Biggest disappointment: Patrick Reed blitzed the three-course rotation in Palm Springs en route to his first career Tour title back in 2014, but he's unlikely to repeat that feat after opening with a 2-over 74 on the Nicklaus Tournament course. Reed made only one birdie against three bogeys and was one of only 32 players in the 156-man field who failed to break par in the opening round.

Main storyline heading into Friday: Rahm deserves the spotlight, as he entered the week as one of the event's headliners and did nothing to lose that billing in the opening round. But the pack of contenders is sure to keep pace, while players like Phil Mickelson (-2) will look to put up a low score in order to build some momentum heading into the weekend.

Shot of the day: Wesley Bryan's 7-under 65 on the Nicklaus Tournament course was helped in large part by an eagle on the par-4 10th, where he holed a 54-degree wedge from 112 yards away. Bryan went on to birdie the next hole amid a five-hole stretch of 5 under play.

Quote of the day: "Shot 10 under par. There's not much more I can ask for." - Rahm

Getty Images

Recent winner Cook contending at CareerBuilder

By Will GrayJanuary 18, 2018, 11:45 pm

Patton Kizzire is currently the only two-time PGA Tour winner this season, but Austin Cook hopes to join him this week at the CareerBuilder Challenge.

Cook won for the first time in November at the RSM Classic, a victory that catapaulted him from the Web.com Tour graduate category into an entirely new echelon. Cook notched a pair of top-25 finishes over the last two weeks in Hawaii, and he's again in the mix after an opening 63 on the Nicklaus Tournament Course left him one shot behind Jon Rahm.

"Today was great," Cook told reporters. "The conditions were perfect, but I always loved desert golf and I was just hitting the ball well and seeing good lines on the greens and hitting good putts."

Cook got off to a fast start, playing his first seven holes in 6 under highlighted by an eagle on the par-5 fourth hole. He briefly entertained the notion of a sub-60 round after birdies on Nos. 10 and 11 before closing with six pars and a birdie.

CareerBuilder Challenge: Articles, photos and videos

Cook was a relative unknown before his victory at Sea Island earlier this season, but now with the flexibility and confidence afforded by a win he hopes to build on his burgeoning momentum this week in California.

"That was a big, proud moment for myself, knowing that I can finish a tournament," Cook said. "I think it was one of those things that I've proven to myself that now I can do it, and it just meant the world to me."

Getty Images

Photo: Fleetwood's phone cover is picture of Bjorn

By Jason CrookJanuary 18, 2018, 11:40 pm

There's phone covers and then there are Phone Covers.

Paul Casey has himself a Phone Cover, showing off the protective case that features a picture of his wife at last year's U.S. Open.

Now, it appears, Tommy Fleetwood has joined the movement.

Fleetwood, last year's season-long Race to Dubai winner, has a phone cover with a picture of Ryder Cup captain Thomas Bjorn on it. And not even a current Thomas Bjorn. This is a young Bjorn. A hair-having Bjorn.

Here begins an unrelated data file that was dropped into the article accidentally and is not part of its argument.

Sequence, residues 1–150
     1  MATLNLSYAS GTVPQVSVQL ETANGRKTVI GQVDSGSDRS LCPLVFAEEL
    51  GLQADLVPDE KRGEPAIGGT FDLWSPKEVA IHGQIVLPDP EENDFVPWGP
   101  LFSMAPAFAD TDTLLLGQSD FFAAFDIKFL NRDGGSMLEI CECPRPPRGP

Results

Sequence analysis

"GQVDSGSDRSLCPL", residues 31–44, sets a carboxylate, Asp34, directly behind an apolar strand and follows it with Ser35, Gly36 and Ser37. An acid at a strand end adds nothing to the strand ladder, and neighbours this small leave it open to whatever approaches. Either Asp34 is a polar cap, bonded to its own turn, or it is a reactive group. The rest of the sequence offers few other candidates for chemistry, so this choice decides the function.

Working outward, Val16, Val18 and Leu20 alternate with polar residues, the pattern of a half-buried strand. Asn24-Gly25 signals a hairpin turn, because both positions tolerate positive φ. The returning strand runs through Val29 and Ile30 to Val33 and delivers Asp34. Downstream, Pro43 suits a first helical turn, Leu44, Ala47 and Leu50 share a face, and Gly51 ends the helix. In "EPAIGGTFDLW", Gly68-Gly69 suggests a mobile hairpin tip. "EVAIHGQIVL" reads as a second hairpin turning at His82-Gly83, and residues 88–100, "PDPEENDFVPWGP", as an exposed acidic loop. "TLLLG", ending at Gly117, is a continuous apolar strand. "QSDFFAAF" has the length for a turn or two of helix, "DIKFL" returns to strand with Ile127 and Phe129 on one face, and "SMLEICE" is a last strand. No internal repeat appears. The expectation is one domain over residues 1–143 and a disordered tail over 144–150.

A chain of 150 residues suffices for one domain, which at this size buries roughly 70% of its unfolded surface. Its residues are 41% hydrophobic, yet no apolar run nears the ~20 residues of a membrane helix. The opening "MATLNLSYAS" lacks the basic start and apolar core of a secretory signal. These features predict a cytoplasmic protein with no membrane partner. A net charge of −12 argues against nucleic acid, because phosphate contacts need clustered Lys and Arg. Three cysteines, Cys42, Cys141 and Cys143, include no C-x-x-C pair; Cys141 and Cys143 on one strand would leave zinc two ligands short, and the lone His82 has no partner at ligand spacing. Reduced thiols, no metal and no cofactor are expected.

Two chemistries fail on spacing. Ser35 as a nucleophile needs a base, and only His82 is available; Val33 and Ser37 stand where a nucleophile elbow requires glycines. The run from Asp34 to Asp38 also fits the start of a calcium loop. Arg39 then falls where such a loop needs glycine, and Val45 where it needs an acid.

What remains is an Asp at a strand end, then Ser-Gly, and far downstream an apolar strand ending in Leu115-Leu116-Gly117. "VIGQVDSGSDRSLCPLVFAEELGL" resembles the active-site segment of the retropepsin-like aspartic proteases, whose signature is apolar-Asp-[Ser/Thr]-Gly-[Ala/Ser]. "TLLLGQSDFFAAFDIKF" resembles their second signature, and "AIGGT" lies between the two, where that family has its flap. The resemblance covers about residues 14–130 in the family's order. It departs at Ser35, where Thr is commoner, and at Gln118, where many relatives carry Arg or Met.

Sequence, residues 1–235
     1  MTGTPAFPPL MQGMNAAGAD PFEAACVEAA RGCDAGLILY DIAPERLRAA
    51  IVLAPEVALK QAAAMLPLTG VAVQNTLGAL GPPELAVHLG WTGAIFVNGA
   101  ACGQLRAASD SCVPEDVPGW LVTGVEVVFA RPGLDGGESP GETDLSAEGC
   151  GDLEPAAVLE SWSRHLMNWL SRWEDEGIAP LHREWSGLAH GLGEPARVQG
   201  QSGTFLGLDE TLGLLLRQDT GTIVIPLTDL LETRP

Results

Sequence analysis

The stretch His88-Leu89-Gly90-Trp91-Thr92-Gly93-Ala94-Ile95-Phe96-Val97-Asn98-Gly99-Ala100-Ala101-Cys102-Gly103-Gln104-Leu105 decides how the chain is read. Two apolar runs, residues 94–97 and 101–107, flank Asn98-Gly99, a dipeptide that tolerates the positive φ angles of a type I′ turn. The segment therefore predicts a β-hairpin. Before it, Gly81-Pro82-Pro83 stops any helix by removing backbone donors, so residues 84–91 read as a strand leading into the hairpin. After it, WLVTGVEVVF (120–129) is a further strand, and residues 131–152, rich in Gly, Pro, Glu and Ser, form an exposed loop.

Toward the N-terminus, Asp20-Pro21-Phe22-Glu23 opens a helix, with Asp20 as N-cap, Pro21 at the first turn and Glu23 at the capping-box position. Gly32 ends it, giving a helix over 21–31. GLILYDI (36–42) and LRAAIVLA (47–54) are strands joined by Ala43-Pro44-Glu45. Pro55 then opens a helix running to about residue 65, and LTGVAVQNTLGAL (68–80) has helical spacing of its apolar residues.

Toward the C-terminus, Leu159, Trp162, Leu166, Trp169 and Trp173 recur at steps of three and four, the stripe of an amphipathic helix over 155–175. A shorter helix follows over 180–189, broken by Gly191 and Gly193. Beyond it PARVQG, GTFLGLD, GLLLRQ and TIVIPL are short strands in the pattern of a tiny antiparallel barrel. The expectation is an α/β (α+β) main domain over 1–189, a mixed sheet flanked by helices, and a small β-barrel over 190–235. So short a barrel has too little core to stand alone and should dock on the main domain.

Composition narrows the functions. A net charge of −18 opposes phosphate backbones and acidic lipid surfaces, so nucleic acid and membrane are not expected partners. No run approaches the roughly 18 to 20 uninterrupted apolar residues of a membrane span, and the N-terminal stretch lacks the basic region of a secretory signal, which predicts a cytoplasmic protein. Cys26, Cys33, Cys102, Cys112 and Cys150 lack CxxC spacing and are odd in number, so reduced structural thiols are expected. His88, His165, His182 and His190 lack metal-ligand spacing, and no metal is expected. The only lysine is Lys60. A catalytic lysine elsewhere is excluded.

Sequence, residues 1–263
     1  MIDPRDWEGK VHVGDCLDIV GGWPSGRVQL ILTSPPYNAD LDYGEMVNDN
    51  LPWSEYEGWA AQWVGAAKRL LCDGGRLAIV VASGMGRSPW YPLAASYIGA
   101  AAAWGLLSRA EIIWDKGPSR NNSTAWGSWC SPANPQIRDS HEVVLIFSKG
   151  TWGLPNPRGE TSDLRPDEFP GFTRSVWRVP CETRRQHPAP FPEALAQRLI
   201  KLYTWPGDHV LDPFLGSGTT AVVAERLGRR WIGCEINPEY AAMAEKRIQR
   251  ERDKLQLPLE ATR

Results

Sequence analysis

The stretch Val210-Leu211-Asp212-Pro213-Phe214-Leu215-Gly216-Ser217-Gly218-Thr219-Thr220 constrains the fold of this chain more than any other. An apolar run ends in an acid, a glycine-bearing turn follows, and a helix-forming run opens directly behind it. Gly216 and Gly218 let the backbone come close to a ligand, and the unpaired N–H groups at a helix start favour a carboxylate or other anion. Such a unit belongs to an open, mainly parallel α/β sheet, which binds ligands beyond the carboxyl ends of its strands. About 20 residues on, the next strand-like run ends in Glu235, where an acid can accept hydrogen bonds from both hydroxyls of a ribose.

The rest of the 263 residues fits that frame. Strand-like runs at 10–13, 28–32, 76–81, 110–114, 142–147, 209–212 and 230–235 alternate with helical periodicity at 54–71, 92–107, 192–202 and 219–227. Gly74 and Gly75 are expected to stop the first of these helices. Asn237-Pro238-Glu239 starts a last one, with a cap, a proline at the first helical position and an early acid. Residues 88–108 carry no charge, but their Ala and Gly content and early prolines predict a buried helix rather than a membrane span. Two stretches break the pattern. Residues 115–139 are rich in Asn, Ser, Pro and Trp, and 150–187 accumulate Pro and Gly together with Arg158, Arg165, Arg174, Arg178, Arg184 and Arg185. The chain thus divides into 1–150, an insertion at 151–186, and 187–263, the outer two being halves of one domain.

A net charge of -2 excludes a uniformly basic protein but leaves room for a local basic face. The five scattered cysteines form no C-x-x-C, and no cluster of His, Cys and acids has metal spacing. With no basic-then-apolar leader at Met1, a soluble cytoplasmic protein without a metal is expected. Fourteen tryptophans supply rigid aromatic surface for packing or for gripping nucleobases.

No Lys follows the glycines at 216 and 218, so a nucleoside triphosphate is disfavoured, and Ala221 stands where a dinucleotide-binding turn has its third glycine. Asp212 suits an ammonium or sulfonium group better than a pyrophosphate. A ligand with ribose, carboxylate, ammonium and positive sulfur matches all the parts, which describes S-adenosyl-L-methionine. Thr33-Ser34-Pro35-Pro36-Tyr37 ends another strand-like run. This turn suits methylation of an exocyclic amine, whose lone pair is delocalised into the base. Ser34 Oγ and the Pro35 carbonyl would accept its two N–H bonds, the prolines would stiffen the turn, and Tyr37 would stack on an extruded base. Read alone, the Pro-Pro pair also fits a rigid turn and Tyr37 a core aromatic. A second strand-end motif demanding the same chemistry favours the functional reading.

A post shared by Alex Noren (@alexnoren1) on

The 26-year-old is a virtual lock for this year's European Ryder Cup team, but just in case, he's carrying around a phone with a picture of the team captain attached to the back of it.

It's a bold strategy, Cotton. Let's see if it pays off for him.

Getty Images

Mickelson starts fast, fades to 70 at La Quinta

By Will GrayJanuary 18, 2018, 11:07 pm

Phil Mickelson got off to a fast start in his first competitive round of 2018 - for six holes, at least.

The 47-year-old is making his first start since the WGC-HSBC Champions this week at the CareerBuilder Challenge, and only his third competitive appearance since the BMW Championship in September. Four birdies over his first six holes indicated that a strong opener might be in the cards, but Mickelson played his subsequent holes in 2 over.

It added up to a 2-under 70 at La Quinta Country Club, typically the easiest of the three courses in rotation this week, and left Mickelson eight shots behind Jon Rahm.

"It was fun to get back out and be competitive," Mickelson told reporters. "I for some reason am stuck on 70 here at La Quinta, whether I get off to a good start or a bad one, I end up shooting the same score."

Full-field scores from the Career Builder Challenge

CareerBuilder Challenge: Articles, photos and videos

Mickelson stunted his momentum with a tee shot out of bounds on the par-4 eighth hole, but he managed to save bogey and otherwise drove the ball relatively well. Instead, he pointed to his normally reliable iron play as the culprit for his back-nine backslide on a day when more than 120 players in the 156-man field broke par.

Mickelson will now head to the Nicklaus Tournament Course with the Stadium Course on tap for Saturday's third round. While there were several low scores Thursday at La Quinta, Mickelson remains bullish about the birdie opportunities that still lie ahead.

"This isn't the course where I go low on," Mickelson said. "I feel more comfortable on Stadium and Nicklaus. Neither of them are nearly as tight and I tend to score a lot lower on those other two than I do here, historically."